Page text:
The kindest thing I can say about Indie Cindy – the album that butchers a near-perfect streak of full-lengthers from one of the benchmark indie bands – is that it’s (eerily) reminiscent of a recent/ish ad-campaign that had a drunk uncle making a fool of himself in aims to appear hip at a 21st – he pulled back muscles instead of back-spins, he slobbered and stumbled, he appeared lecherous and unconvincing – the only success was in seeming so brutally out of date and out of touch.
That’s Indie Cindy. Shit name for an album too.
The Pixies reunion has been a lazy, greedy decade of commerce triumphing over art, the sort of arrangement the young Black Francis would have been disgusted by, the sort of arrangement that was probably – once – a driving force for his brand of agitation and anger as retaliation, the antidote to bloated, corporate rock.
Good luck finding anything resembling a scabrous riff here; it’s all just trace-arounds at best.
Greens and Blues comes closest – but that’s only because Frank Black has told us so. And what’s the bet he only told us that he was trying to “out-Gigantic Gigantic” after anyone who heard an early version of the new song made that sad, obvious connection first. It sounds like arse-covering.
If only they’d covered their arses and not released this. It does nothing but tarnish – it advances the cause of the Pixies in no way at all, it diminishes; it is a mistake, a series of mistakes – which, if you’d bothered with the middling/meddling EP1 and EP2 (both horrible) you’d know already. Indie Cindy has been built from the parts of those EPs and a third that is now also available ahead of/with the album – but what’s the point? It’s all just revenue-collecting. Actually where those were at least mercifully brief the collection of plodding songs gains nothing for swelling in size, these same songs still sound stilted and slow, stroke-ridden and crawling.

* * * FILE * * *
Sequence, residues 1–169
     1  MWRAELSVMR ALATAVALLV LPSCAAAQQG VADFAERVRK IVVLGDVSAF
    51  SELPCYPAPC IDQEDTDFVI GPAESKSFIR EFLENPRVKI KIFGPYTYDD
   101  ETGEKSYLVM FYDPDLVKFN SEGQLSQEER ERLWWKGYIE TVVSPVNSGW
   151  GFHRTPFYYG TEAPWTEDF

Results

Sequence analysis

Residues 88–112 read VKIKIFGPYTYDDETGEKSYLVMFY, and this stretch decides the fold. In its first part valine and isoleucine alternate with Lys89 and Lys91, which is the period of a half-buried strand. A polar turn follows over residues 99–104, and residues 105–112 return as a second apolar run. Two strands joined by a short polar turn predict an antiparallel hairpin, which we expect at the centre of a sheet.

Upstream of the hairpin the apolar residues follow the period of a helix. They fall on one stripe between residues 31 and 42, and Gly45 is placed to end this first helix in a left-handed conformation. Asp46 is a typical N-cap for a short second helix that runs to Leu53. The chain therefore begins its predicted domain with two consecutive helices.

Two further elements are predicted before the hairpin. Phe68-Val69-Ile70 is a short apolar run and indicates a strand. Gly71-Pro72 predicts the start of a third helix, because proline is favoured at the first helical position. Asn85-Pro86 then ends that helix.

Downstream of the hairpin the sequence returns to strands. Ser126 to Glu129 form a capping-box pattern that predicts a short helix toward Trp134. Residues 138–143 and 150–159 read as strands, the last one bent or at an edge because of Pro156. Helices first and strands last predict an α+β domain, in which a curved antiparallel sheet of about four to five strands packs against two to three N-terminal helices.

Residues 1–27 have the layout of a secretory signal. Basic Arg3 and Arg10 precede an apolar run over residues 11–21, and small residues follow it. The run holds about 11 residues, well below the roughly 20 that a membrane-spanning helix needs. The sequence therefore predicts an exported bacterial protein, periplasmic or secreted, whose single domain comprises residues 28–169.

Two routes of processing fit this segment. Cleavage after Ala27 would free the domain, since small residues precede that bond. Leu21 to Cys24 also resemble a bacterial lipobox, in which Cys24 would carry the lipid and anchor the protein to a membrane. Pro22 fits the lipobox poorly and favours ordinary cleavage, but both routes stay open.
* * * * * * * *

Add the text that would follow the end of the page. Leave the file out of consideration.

Anyone telling you that this is what the Pixies should sound like now and that it is a realistic progression is wearing their reunion t-shirt too proudly, too often. Oh, it’s obviously a realistic portrayal of where the band is (now) at but it’s no compliment at all. The clue was in Kim Deal running for cover.
This is like taking any of the recent Brian Wilson albums – his Gershwin project or Christmas album, say – and holding it up to Pet Sounds or any of the great Beach Boys recordings he was responsible for. That is the comparison. That is the correct way to understand this abomination.
Bagboy sounds – disturbingly – like very bad Headless Chickens, Silver Snail almost falls asleep mid-song, Ring The Bell is weirdly light and poppy and not in any sort of complimentary way. It’s hollow and though there’s a valedictorian ring to the chiming of the riff it’s like lazy, phoned-in U2, like something you’d hear in a shitty, shitty film.
Andro Queen so desperately wants to sound like the Pixies of old, all spoken-word Spanish and shout melting down into croon that it might even be the worst of these parody-land pastiches.
That’s until you hear the closing track, Jaime Bravo, it sounds like Bad Weezer. And we’ve had Weezer perfecting Bad Weezer for about 15 years now.
You have every right to be disgusted with this. To be appalled. To take the CD from the tray, the vinyl from the turntable and club it over the head with a spade, striking it to splinter, turning it to shards. You have every right to put the mercy-kill on this. You were a fan. And your band has betrayed you. You hear anything else from this and you’re not actually listening. You’re collecting. And in adding this you’ve halved the worth of your collection. As have the Pixies in making it.